Title: Religulous
Rating: 3.5/5
Genre: Documentary (Comedy)
Starring: Bill Maher
Director: Larry Charles

“The irony of religion is that because of its power to divert man to destructive courses, the world actually could come to an end...Those who consider themselves religious really need to look in the mirror and realize that the solace and comfort that religion brings you actually comes at a terrible price.”

For all my slandering of obvious American comedians, Maher stands out as one of the fewer that has the intelligence to speak out not through arrogance or defiance – though his atheist views have certainly earned him something of this reputation, a fact he doesn't really seem to argue against here – but for doing his research and genuinely trying to understand this gap in his understanding. As he puts it himself, “People who are otherwise so rational about everything else, and then they believe on Sunday they're drinking the blood of a two thousand year old god,” and it's an issue I've considered myself. More than anything else it's a lack of fundamental understanding of how they can believe in something so absolutely that they're blinded to the fact that they might not have everything right, and as he points out himself, believing you know everything can be used to justify even the most despicable of acts.

Perhaps the most convincing part of his argument is not in anything he says, but in what others have said and how little people of the same faith seem to disagree with. The Evangelical minister who describes Jesus as being a wealthy man dressed in the finest clothes, and as the voice of God he should do the same directly contradicting the Vatican priest who laughs when asked if the Palace is at odds with what's written in the bible exclaiming “Isn't that obvious?” Or the man devoted to teaching the history of the bible by creating a “Museum” depicting man co-existing with dinosaur, overtly juxtaposed with the scientific views of the Vatican Observatory, believing in the clear distinction between science and religion; cold fact and morality. There's also no shying away from Judaism and Islam, and whilst not as detailed – perhaps due to his own comparative lack of subject knowledge – the situation feels no different. It suggests that everyone needs to get together and get the details ironed out because it seems you can be in the same religion, claim to believe the same thing but ultimately have little beliefs in common.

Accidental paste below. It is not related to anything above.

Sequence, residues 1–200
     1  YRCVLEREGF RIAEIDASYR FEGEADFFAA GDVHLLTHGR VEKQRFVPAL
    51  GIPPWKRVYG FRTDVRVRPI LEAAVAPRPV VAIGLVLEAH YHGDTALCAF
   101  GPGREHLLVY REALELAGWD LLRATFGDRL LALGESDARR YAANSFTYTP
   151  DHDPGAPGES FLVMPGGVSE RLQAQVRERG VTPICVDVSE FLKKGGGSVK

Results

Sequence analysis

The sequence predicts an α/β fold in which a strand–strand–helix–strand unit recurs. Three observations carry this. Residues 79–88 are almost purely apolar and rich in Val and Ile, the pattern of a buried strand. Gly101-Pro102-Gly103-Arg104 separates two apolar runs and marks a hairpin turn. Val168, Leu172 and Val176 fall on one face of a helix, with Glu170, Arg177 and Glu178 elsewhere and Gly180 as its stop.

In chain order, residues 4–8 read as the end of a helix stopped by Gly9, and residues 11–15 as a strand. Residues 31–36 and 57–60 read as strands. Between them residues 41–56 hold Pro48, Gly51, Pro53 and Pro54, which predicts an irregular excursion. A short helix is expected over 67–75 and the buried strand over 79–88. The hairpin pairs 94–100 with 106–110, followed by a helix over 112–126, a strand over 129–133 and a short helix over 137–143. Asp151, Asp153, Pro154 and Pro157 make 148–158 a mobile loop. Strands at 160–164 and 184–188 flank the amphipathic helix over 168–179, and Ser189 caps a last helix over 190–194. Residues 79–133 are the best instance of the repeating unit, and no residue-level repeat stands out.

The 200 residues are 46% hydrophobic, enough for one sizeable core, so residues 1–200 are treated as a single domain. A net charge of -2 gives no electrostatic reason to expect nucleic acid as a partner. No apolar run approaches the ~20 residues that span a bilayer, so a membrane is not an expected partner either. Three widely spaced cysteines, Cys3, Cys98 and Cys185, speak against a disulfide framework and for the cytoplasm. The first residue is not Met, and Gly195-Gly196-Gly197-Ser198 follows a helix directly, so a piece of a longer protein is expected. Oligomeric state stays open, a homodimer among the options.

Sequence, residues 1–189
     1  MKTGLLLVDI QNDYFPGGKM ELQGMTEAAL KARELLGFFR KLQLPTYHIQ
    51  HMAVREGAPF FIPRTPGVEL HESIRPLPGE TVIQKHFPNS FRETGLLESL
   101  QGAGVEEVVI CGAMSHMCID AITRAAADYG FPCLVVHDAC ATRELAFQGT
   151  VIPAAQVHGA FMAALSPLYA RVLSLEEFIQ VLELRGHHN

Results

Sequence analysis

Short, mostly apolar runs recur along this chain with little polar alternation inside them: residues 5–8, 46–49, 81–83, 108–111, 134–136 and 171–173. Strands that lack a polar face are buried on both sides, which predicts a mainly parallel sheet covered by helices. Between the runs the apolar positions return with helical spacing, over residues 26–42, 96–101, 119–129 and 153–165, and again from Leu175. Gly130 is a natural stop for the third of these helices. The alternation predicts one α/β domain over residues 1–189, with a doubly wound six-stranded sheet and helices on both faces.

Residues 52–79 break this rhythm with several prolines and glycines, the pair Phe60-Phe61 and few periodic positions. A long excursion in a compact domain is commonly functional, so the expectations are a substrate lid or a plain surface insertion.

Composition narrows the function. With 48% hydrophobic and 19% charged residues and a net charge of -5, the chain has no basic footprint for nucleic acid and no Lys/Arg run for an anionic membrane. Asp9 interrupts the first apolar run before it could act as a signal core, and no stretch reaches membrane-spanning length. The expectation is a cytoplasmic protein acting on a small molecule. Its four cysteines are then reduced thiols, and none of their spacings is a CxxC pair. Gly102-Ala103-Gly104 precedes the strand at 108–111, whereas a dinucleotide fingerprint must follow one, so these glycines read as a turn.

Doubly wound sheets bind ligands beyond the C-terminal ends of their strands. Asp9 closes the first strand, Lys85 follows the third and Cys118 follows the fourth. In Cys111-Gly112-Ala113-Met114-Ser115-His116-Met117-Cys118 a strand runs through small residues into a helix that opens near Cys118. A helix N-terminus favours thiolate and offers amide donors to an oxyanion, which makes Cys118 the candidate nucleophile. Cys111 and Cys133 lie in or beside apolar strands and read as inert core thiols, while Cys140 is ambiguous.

But it isn't all another triumph for us non-believers, for despite his initial open minded premise, as the documentary continues he becomes gradually more insistent on pushing his own agenda. As interesting and persuasive as many of his arguments are; the notable differences in the opinion and interpretations of the various religions as they come across are all edited for results. Scenes of the Iraq war are cut in between discussions on the acceptance of Christianity; scenes of suicide bombers between Islam's similar arguments, all done for comic effect which whilst successful, would come across of derogatory towards those of faith. There are often two interviews cut together to show in black and white the difference in opinions held by members of the same faith, and it's not hard to see how his bias would seep through in the editing stages. Perhaps he knew no religious person would actually watch it with an open mind, so the usual pretext of trying to portray a rational argument for all as opposed to simply preaching to the choir he didn't feel applicable. But perhaps the most disappointing part of all of this is that he is intelligent and he does have a point; religion is ultimately destructive and has done far more bad than good. It's just a shame nobody of faith will endure his mocking long enough to receive that message.


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